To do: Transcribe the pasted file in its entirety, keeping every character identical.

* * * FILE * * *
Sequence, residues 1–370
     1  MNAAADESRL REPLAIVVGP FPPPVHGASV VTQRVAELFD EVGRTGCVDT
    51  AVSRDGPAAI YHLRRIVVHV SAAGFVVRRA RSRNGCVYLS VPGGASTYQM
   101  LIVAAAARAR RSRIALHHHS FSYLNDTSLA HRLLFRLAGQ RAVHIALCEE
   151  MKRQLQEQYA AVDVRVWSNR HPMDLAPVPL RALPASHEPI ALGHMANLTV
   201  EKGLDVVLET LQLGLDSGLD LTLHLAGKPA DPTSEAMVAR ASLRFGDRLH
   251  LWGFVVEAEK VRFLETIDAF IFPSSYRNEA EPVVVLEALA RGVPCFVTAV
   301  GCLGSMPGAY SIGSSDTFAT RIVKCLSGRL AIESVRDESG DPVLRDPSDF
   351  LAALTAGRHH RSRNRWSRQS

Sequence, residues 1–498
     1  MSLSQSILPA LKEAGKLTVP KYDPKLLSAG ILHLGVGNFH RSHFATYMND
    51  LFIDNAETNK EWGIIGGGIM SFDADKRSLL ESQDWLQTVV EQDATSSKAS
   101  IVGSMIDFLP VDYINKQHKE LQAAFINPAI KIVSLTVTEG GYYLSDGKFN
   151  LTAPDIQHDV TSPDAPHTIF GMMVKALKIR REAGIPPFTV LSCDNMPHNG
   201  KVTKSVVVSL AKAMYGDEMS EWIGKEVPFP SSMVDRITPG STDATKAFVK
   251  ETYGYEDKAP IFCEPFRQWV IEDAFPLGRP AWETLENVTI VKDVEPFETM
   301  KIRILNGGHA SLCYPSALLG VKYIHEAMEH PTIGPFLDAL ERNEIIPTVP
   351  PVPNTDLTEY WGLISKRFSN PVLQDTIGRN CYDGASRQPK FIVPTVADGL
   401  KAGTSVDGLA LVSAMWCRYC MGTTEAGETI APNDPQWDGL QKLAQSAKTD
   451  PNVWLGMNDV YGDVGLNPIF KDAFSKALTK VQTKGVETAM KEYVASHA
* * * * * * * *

Sequence, residues 1–370
     1  MNAAADESRL REPLAIVVGP FPPPVHGASV VTQRVAELFD EVGRTGCVDT
    51  AVSRDGPAAI YHLRRIVVHV SAAGFVVRRA RSRNGCVYLS VPGGASTYQM
   101  LIVAAAARAR RSRIALHHHS FSYLNDTSLA HRLLFRLAGQ RAVHIALCEE
   151  MKRQLQEQYA AVDVRVWSNR HPMDLAPVPL RALPASHEPI ALGHMANLTV
   201  EKGLDVVLET LQLGLDSGLD LTLHLAGKPA DPTSEAMVAR ASLRFGDRLH
   251  LWGFVVEAEK VRFLETIDAF IFPSSYRNEA EPVVVLEALA RGVPCFVTAV
   301  GCLGSMPGAY SIGSSDTFAT RIVKCLSGRL AIESVRDESG DPVLRDPSDF
   351  LAALTAGRHH RSRNRWSRQS

Sequence, residues 1–498
     1  MSLSQSILPA LKEAGKLTVP KYDPKLLSAG ILHLGVGNFH RSHFATYMND
    51  LFIDNAETNK EWGIIGGGIM SFDADKRSLL ESQDWLQTVV EQDATSSKAS
   101  IVGSMIDFLP VDYINKQHKE LQAAFINPAI KIVSLTVTEG GYYLSDGKFN
   151  LTAPDIQHDV TSPDAPHTIF GMMVKALKIR REAGIPPFTV LSCDNMPHNG
   201  KVTKSVVVSL AKAMYGDEMS EWIGKEVPFP SSMVDRITPG STDATKAFVK
   251  ETYGYEDKAP IFCEPFRQWV IEDAFPLGRP AWETLENVTI VKDVEPFETM
   301  KIRILNGGHA SLCYPSALLG VKYIHEAMEH PTIGPFLDAL ERNEIIPTVP
   351  PVPNTDLTEY WGLISKRFSN PVLQDTIGRN CYDGASRQPK FIVPTVADGL
   401  KAGTSVDGLA LVSAMWCRYC MGTTEAGETI APNDPQWDGL QKLAQSAKTD
   451  PNVWLGMNDV YGDVGLNPIF KDAFSKALTK VQTKGVETAM KEYVASHA